The first class was a lesson in making ricotta, mozzarella, and burrata cheeses. I could not believe how easy it was to make fresh ricotta and I can't believe that it has taken me this long to learn. It is simply a matter of cleaning your tools thoroughly, heating some milk, adding salt and buttermilk, stirring and straining. Voila! Ricotta.
|Fresh ricotta forming curds.|
|Drained ricotta. Just add a little cream.|
|The mozzarella cooks while the ricotta cools.|
|Draining cooked mozzarella curds.|
|Mozzarella curds before shaping.|
|Vanessa salts the cooking curds.|
|Mozzarella curds have been shaped into a block. The creamy ricotta rests before stuffing the kneaded and stretched mozzarella.|
|Vanessa carefully reheats the mozzarella, which has been shaped into balls.|
|Tying the stretched and stuffed mozzarella into a pouch.|
|Finished burrata: mozzarella stuffed with creamy ricotta.|
We then prepared glazed apricots to serve with the burrata as a kind of crostini. It was fairly easy to do.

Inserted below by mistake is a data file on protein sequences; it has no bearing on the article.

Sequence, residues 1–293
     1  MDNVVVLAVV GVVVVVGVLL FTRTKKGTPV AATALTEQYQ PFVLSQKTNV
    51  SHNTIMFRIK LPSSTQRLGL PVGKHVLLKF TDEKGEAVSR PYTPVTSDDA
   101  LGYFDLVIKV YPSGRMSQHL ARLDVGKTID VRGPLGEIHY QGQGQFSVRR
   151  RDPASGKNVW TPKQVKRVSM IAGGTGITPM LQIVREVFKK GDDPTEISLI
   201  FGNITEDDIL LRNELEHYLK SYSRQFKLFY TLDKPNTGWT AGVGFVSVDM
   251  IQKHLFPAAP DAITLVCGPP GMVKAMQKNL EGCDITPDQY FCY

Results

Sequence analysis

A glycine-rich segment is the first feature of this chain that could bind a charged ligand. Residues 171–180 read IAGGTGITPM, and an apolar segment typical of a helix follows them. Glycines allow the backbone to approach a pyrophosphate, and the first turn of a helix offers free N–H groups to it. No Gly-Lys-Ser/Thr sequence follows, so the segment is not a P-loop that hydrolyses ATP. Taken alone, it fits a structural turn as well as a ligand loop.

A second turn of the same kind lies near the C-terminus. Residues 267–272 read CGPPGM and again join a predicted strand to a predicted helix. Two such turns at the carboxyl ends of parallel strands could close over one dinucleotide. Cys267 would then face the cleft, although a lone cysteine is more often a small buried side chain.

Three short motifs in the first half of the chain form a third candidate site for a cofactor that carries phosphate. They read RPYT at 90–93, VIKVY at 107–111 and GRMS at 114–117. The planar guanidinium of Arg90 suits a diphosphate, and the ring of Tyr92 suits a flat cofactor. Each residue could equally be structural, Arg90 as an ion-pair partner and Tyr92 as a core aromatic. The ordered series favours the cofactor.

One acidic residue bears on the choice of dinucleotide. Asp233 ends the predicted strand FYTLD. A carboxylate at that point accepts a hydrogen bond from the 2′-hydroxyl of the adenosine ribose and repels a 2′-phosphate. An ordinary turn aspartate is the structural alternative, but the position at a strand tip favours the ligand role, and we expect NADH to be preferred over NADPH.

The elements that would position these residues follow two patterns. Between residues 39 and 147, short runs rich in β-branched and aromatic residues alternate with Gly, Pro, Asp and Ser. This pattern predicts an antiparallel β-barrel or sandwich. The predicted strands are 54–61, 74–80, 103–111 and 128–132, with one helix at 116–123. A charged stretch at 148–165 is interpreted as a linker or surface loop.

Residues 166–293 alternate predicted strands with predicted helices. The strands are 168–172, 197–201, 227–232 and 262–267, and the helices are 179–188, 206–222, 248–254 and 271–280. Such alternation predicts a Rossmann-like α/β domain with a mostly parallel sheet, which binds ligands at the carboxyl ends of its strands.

|Mise en place for the glazed apricots.|
|After the apricots were mixed with orange juice and vanilla, they were laid out on a pan.|
|The apricots were generously sprinkled with brown sugar.|
|A torch was used to brulee the apricots.|
The class easily fit into the two hour time-slot. It does seem a bit wasteful to use so much milk to make so much cheese, but the results are definitely worth it.
Vanessa recommended a book from the New England Cheesemaking Supply Company called Home Cheese Making by Ricki Carroll. You can buy a kit for basic cheesemaking from them, or from Amazon.com, or (if you are very lucky) from a local cheese supply shop. It happens that there is a home cheese/wine/beer making shop tucked away just off Ventura Boulevard in Woodland Hills where I was able to find the book, vegetarian rennet, and other supplies right after I took the class. The book contains instructions for making aged cheeses as well as fresh cheeses. Even though I have a wine cellar, which would be an excellent location for aging cheese, the worry about contamination is a bit much for me to deal with. But I have no doubt I'll try my hand at some more fresh cheese really soon.
Next up, I'll write about the other class I took, based on Julia Child's work.